Man, was I wrong. This is where money goes to regroup and get its second wind... there's too much $$ invested in its real estate for the 1% to let it slide. No one is taking the accursed city down into the artistic abyss anymore, not without a grant, you know, to cover the insurance.
|Godard homage indicated by pose and striped shirt|
The film's had more than a few titles, CHARM, for example, which is moronically vague, but on Netflix Streaming it's RANDOM ACTS OF VIOLENCE with one of those ubiquitous torture porn-looking covers. I don't know how it made it past my usual ignoring of such things (for I dread torture porn as it leaves me dispirited for years, even decades).
If you share my mistrust of all the nanny state health that NYC is touting these days, this is your movie!
|Celebrity friends should always be displayed proudly.|
|Godard and Truffaut T-shirts|
In other words, so many films or shows that want to be naughty are afraid to get all Alex and his Droogs-level challenging to our limits of audience identification. They want to be Scorsese but are afraid of telling Tommy DeVito to get his shine box. But once Malcolm does his first random stabbing in RANDOM, man, you know this Tommy be shine box splintered. He's no kibbitzer!
After a lengthy opening monologue, Malcolm stops addressing the camera on the greatness of pre-Giuliani NYC (when it beat out Detroit as "the murder capital of the world"), and we're off the known grid: someone answers the random door he's been knocking on, and we're expecting some kind of standard pre-arranged greeting scene (wherein a camera is already inside waiting for him as per so many reality shows). Instead, he grabs the unlucky inhabitant, throws her onto her couch and stabs her repeatedly and rapidly, without any drama or Bernard Hermann scissor music. He's suddenly moved faster than the cameraman and become a real threat. We're just not expecting it and its genuinely shocking. Even though we know it's not 'real' per se in the larger meta-scheme of things, it's hard not to shiver, almost painfully. So many fauxquementaries have tried to get to this spot, only to pull back like little pussies. Cahill dives in, and ignores our ashen complexions.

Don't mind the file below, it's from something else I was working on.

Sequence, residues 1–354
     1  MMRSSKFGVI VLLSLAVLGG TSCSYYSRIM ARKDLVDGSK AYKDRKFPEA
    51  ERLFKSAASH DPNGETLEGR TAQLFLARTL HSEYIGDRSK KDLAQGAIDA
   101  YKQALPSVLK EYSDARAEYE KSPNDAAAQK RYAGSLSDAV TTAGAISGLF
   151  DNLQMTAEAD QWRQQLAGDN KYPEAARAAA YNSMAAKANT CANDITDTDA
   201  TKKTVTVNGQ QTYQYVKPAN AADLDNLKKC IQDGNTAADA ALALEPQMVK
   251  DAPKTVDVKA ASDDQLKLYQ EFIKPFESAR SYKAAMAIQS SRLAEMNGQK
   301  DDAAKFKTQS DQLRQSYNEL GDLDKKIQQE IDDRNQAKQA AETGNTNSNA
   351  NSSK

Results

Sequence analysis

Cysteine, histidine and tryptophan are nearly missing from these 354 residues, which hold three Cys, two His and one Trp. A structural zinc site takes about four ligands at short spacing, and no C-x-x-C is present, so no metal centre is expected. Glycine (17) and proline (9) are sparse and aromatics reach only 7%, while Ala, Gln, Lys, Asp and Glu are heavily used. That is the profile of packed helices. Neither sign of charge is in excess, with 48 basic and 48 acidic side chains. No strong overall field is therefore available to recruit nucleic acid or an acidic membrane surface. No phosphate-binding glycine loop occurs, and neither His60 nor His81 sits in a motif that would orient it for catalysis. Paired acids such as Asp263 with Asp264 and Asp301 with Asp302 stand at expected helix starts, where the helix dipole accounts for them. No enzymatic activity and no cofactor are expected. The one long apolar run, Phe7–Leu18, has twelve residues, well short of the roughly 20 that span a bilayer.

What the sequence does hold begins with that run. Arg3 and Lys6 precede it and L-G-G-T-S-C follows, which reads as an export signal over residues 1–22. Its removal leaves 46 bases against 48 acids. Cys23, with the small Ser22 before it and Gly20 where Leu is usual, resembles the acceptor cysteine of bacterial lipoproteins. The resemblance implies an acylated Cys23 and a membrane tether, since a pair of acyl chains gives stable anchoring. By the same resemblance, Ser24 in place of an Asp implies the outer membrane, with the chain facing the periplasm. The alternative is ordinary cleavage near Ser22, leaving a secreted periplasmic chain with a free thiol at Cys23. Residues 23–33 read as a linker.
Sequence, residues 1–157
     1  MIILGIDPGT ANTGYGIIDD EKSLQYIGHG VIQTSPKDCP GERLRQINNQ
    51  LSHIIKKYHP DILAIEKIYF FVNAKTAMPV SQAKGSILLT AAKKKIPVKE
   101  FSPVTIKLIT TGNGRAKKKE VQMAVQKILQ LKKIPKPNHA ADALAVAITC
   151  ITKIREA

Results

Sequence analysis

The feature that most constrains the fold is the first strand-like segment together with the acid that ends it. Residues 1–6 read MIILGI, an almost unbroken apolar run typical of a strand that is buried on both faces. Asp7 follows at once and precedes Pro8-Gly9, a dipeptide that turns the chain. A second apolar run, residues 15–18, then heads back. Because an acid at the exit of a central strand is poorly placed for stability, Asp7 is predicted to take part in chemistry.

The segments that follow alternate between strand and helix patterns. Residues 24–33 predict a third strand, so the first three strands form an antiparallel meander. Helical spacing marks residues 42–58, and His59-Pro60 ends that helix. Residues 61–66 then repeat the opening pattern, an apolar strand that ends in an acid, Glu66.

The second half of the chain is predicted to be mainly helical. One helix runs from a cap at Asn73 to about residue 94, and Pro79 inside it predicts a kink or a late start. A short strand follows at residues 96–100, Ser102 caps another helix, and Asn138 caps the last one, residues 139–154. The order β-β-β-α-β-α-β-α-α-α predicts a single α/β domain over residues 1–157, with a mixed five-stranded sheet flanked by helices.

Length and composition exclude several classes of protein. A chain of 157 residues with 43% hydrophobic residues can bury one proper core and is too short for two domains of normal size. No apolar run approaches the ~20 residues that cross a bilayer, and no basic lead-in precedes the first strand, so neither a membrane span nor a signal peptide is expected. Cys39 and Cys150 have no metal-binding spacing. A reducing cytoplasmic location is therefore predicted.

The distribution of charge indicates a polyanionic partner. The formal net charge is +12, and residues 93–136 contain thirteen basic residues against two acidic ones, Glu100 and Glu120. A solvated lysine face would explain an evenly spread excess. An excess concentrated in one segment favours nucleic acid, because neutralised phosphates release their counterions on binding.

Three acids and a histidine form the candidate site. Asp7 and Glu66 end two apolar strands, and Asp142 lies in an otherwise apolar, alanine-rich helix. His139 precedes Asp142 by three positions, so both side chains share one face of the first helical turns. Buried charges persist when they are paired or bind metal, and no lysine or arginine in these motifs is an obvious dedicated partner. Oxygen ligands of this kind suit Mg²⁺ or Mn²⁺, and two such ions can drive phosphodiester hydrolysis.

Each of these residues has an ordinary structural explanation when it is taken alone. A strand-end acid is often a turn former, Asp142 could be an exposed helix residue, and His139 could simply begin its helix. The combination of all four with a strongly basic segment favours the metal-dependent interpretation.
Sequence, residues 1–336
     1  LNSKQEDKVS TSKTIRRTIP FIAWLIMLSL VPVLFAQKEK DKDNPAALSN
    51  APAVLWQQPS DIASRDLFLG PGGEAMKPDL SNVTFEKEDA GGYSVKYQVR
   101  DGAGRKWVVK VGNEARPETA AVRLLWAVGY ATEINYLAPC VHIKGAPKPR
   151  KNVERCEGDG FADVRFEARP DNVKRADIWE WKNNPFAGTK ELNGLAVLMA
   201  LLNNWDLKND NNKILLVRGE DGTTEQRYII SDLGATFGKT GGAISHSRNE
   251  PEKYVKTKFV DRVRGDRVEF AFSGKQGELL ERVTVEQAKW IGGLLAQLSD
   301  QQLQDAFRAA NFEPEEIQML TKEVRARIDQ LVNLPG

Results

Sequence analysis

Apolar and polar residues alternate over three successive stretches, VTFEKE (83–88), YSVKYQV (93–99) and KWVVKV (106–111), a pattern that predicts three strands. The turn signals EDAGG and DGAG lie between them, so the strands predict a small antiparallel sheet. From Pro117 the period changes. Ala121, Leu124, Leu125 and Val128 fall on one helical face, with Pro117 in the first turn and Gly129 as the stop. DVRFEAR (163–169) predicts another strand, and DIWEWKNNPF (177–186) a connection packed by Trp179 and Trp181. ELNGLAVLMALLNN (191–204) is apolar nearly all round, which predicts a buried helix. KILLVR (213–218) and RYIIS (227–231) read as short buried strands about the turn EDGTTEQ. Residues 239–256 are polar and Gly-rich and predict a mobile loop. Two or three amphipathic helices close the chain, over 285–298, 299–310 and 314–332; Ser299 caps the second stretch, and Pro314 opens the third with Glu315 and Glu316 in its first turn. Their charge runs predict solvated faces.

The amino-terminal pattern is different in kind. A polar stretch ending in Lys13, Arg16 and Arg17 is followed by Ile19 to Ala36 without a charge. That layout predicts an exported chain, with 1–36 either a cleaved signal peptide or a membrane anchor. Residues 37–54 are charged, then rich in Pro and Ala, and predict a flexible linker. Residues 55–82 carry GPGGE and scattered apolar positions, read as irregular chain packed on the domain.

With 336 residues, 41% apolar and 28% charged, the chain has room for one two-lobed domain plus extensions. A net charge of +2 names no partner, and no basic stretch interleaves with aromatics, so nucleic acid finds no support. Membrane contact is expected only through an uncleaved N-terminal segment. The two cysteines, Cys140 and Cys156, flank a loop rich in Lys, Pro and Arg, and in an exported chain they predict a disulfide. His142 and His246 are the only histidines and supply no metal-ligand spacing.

Your reaction will probably be centered around your own neighborhood: if you live in the suburbs even today sanitary NYC might seem scary just for being unknown, but to me the suburbs are far scarier. When I'm visiting friends there, I'm awake all night, freaking out over the quietude and feeling of vulnerability. There's usually at least three doors and dozens of ground floor single pane windows that even a child could break into, so how can I fall asleep? And it's so dead quiet after, say, midnight. Not a creature is stirring. Like Roderick Usher one better, I can hear the mice in the neighbor's walls. In NYC we have deadbolts on thick metal doors, and only one possible entry window (the one above the fire escape) and neighbors on every side who can hear any cry for help. But if your buzzer goes off or there's a knock on the door while you're watching RANDOM ACTS OF VIOLENCE, I imagine it could be quite scary. And when Malcolm garrotes a guy for texting in what looks like the Anthology Film Archives' downstairs screening room it's fun to imagine seeing the film there and realizing you forgot your turn your phone off, afraid to even move to find it in your bag lest this guy be sitting behind you.